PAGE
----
Friday, February 15, 2019

Maine’s new DHHS chief: ‘We need to restore trust’

DHHS is the state’s most embattled — and, after education, second most expensive — department. The agency’s child welfare arm, the Office of Child and Family Services, is in the midst of an audit, commissioned last year after a government watchdog report found evidence that DHHS mismanaged the handling of abuse complaints related to the deaths of two young girls.

In a sit-down interview with the Bangor Daily News, Lambrew said she wants to restore trust and morale among department employees, broaden the state’s social service programs, and increase general department transparency.

More >> Maine’s new DHHS chief: ‘We need to restore trust’

Maybe if they stop stealing babies...

A consultant hired to review Maine’s child welfare system found these flaws

Early findings in a new report evaluating eight child welfare cases handled by Maine’s Office of Child and Family Services show a system-wide need for department improvements — a likely precursor for a more comprehensive report to come.

More >> A consultant hired to review Maine’s child welfare system found these flaws

Tuesday, February 12, 2019

Report: Maine has the highest percentage of children with mental health disorders

A new study is putting Maine at the top of the list when it comes to the number of children with mental health disorders.

This revealing report was just published in a leading medical journal.

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Wednesday, February 6, 2019

Mills seeks new director to oversee troubled child welfare system

Gov. Janet Mills’ administration is looking for a new director of the office that oversees the state’s troubled child welfare system.

The administration is conducting a national search for a director of the state’s Office of Child and Family Services, a division of the Maine Department of Health and Human Services that has lacked a permanent director since April 2017.

More >> Mills seeks new director to oversee troubled child welfare system

Monday, January 21, 2019

A young girl had to leave Maine for mental health care. It’s been 6 months.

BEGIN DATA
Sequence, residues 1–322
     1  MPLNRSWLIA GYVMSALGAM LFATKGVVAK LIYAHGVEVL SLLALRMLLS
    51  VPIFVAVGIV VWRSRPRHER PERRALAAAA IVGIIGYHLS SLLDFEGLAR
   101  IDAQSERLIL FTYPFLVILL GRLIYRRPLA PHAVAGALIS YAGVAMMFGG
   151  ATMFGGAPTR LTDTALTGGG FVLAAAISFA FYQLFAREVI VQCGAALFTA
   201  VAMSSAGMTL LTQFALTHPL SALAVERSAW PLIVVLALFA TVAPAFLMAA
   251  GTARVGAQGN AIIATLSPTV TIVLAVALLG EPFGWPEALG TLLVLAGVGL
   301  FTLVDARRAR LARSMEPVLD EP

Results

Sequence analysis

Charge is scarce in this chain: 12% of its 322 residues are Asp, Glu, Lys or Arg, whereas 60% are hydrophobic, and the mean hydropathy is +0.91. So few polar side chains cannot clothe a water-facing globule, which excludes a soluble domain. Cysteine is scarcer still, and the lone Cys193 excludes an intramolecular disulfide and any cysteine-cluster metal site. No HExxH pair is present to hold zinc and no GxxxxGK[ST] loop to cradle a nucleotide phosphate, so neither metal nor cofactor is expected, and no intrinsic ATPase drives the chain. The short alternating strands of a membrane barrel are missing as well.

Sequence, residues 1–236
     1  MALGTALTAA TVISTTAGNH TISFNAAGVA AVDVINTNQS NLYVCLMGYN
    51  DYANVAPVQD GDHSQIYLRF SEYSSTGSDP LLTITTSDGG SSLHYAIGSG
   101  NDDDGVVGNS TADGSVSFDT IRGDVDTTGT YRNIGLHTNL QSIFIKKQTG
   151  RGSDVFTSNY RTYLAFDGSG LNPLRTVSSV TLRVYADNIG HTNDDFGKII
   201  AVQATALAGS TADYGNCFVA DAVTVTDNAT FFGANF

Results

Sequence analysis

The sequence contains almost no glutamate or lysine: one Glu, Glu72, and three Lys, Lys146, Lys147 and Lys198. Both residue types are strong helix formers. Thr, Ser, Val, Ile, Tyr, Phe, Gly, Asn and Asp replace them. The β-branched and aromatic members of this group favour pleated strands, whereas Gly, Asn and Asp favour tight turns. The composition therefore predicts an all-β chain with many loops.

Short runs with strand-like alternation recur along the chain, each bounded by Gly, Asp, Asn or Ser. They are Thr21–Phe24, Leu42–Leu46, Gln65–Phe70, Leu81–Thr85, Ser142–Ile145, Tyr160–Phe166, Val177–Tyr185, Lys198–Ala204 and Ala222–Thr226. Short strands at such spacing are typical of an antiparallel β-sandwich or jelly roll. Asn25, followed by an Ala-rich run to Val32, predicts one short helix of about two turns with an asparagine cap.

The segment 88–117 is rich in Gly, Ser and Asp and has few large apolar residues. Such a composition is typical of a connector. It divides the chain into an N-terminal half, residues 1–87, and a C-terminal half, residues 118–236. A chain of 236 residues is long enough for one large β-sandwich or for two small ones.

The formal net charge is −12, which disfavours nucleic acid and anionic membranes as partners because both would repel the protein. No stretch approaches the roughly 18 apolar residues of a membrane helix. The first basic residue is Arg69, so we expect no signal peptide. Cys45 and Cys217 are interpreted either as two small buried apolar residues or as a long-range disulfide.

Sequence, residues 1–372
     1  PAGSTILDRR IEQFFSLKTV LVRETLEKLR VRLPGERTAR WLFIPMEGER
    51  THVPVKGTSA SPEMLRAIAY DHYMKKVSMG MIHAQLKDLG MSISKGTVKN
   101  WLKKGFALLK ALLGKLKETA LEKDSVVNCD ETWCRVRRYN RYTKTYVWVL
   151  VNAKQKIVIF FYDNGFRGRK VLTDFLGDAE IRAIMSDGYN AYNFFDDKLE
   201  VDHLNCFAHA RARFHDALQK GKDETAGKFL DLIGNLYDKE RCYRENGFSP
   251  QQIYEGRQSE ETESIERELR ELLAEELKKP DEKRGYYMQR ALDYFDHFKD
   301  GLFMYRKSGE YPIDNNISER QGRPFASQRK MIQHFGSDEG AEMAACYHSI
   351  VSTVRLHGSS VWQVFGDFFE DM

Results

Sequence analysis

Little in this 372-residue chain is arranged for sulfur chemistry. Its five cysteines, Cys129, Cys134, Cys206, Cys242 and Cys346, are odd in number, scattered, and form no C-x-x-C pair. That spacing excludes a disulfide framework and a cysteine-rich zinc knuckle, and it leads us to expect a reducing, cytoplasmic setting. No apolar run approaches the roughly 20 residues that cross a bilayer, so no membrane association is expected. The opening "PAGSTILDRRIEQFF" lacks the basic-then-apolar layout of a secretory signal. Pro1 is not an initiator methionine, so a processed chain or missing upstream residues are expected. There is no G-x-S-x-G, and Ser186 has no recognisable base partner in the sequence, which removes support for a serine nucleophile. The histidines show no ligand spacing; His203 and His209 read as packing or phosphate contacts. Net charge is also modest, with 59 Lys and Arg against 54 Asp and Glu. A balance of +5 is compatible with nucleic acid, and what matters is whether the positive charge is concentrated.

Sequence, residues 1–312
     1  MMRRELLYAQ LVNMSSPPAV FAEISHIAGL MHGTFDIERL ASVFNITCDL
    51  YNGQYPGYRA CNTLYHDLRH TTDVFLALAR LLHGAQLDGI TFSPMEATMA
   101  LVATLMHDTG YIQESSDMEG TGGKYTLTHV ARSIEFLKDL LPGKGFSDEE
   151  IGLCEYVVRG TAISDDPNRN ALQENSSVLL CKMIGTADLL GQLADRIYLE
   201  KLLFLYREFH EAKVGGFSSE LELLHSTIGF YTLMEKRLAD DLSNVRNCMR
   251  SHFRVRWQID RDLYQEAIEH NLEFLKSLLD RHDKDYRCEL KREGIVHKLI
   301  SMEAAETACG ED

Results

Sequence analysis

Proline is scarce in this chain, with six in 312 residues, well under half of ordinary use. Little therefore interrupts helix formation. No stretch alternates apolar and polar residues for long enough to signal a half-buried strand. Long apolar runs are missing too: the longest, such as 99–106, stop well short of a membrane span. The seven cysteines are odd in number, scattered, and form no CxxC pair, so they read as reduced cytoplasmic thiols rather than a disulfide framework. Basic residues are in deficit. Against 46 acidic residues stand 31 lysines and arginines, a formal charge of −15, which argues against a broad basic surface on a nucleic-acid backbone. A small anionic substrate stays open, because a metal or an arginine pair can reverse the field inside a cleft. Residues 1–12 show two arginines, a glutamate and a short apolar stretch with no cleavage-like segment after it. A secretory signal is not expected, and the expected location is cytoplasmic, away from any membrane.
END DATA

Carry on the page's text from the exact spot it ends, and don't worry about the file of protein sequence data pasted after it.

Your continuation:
Lora’s 15-year-old daughter is pleading to come home to Washington County by the time she turns 16.

The girl, who struggles with developmental delays, behavioral problems and aggression, is living at a youth home 1,500 miles way in Carbondale, Illinois. She’s been there since November. Before that, she spent about four months at a youth home and psychiatric hospital in Vermont.

More >> A young girl had to leave Maine for mental health care. It’s been 6 months.

Sunday, January 20, 2019

Bill would end non-medical vaccine exemptions in Maine

Lawmakers in Maine will consider a bill designed to end non-medical exemptions from childhood vaccinations this year.

Maine has one of the lowest vaccination rates for children entering kindergarten. It's also home the country's highest rate of whooping cough, a dangerous disease that can be limited with the use of an easily available vaccine.

More >> Bill would end non-medical vaccine exemptions in Maine

Saturday, January 12, 2019

Maine lawmakers have blueprint for reworking youth behavioral health services

The findings of a report on the state’s youth mental health services are straightforward — and rightfully harsh.

Behavioral health services for children are not available quickly — or, sometimes, at all. Too often services are not available in the communities where the children who need them live. When Maine children do get services, the quality is inconsistent, and there is little coordination, especially as they transition to adulthood.

More >> Maine lawmakers have blueprint for reworking youth behavioral health services